Language and Currency
Mandarin is the language that is widely spoken but you can also encounter some other Chinese dialects. Two people from distant parts of China may not be able to understand each other, but they can communicate by the written form of the language, which is common to all the dialects. Some restaurants will have their menus complemented with pictures so can point out what you want. Generally, you can navigate around Shenzhen with English. However, if you plan on going outside city centre you should consider hiring a translator.
The Chinese currency is the renminbi yuan which comes in denominations of 1, 2, 5, 10, 20, 50 and 100 and all notes have Chairman Mao’s portrait. Hong Kong dollars are widely accepted in Shenzhen, especially in the large shopping complexes near the border. I also recommend to have a clear idea of the exchange rate and if possible change your money before you arrive.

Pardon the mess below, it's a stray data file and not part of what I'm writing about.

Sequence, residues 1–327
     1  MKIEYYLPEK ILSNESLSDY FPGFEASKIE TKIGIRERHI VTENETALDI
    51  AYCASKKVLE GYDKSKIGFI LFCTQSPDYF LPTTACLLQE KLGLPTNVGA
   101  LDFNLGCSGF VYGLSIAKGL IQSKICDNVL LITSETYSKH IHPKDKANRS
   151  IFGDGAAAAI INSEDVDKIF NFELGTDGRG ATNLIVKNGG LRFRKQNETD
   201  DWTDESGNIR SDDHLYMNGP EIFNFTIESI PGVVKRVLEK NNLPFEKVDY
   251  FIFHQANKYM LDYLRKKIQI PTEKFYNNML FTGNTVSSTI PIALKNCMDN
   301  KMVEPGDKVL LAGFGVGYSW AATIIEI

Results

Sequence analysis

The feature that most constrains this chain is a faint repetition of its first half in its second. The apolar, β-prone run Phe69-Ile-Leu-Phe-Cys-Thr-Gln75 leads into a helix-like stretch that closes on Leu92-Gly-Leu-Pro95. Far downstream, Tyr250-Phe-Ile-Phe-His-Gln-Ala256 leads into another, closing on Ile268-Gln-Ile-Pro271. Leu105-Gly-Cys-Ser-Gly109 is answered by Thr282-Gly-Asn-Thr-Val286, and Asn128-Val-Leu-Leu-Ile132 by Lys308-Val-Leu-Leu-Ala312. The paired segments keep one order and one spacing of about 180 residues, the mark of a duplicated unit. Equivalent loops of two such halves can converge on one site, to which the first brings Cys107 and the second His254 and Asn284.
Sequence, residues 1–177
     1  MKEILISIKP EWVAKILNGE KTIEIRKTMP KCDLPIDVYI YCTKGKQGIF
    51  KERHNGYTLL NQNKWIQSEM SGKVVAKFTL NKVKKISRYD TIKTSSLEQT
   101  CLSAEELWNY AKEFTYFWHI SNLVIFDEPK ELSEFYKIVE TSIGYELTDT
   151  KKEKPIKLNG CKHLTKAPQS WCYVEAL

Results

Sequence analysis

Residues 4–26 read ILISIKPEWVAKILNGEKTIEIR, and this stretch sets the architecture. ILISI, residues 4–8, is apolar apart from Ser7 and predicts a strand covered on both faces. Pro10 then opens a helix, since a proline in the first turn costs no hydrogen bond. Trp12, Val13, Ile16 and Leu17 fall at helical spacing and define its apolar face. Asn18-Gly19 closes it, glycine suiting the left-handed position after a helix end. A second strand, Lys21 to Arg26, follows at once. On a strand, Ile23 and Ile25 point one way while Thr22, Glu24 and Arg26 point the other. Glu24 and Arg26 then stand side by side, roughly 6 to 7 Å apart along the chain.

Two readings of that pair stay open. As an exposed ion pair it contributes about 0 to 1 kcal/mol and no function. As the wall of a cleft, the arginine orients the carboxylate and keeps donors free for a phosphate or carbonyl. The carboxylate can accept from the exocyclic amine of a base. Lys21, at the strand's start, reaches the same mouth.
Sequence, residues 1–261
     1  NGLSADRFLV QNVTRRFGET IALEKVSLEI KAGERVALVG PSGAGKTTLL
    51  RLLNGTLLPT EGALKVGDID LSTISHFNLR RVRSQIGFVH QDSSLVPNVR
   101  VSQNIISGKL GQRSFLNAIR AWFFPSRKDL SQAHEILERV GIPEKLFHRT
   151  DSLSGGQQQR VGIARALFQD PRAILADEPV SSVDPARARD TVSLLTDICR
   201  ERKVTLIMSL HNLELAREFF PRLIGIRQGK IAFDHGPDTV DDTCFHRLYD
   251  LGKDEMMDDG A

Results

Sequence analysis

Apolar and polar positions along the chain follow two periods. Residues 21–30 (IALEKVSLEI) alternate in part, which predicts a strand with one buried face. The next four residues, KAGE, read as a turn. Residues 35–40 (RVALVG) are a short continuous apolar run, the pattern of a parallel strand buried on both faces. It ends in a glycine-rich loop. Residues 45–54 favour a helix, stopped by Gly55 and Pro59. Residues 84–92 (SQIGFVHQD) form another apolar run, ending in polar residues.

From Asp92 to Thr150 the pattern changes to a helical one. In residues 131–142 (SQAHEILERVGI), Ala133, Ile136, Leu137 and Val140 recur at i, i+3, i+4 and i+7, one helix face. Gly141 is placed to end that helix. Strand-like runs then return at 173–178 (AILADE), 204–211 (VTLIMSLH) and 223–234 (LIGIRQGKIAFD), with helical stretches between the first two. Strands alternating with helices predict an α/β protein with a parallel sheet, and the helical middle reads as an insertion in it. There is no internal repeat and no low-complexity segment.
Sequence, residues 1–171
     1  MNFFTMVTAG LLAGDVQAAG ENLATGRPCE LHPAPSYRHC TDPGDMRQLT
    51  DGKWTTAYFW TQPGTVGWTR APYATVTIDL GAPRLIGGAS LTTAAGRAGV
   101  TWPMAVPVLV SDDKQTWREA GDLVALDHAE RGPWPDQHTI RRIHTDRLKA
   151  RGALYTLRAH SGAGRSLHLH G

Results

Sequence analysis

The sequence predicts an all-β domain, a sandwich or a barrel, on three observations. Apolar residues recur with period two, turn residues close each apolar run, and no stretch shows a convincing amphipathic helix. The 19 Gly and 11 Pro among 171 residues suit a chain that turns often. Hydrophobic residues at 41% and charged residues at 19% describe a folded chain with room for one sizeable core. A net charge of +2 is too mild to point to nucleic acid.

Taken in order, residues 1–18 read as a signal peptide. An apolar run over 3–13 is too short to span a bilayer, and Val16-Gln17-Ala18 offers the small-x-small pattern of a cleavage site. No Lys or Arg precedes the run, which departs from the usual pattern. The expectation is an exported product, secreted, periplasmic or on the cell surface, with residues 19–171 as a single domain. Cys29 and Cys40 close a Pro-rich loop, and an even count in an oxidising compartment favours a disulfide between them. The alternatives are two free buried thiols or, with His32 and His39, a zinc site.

Shenzhen Weather. What to Expect
The climate of Shenzhen is sub-tropical with very hot, humid summers and mild winters. The most comfortable time to visit Shenzhen is from October to November (like some other countries in Asia). It is the time when the humidity levels drops and the days are usually warm. During August and September, there is a possibility of a typhoon. The sophisticated typhoon warning system in operation in Hong Kong is applicable to Shenzhen.
Top Things to Do in Shenzhen
Clearly, the young age of the city means that there is limited interest for history buffs. On the other hand, the sheer scale and speed of development of the city is interesting and unique in itself. The authorities actively encourage tourism so you can find several destinations in Shenzhen that may be of interest.
This is a theme park which shows the main tourist attractions in China in miniature. There are over 100 attractions including the Great Wall, The Forbidden City, The Terracotta Army and the Potala Palace – all carefully constructed to a uniform scale. The park covers 30 hectares and trains transport visitors around the attractions. There are also several shows depicting historical events and Chinese culture. The park is well planned and does give a taste of the famous Chinese attractions, and is worth a visit.
Window of the World
This is a similar idea to Splendid China but the miniatures are worldwide. You will be able to see replicas of the Eifel Tower, alongside the Taj Mahal and the Pyramids of Giza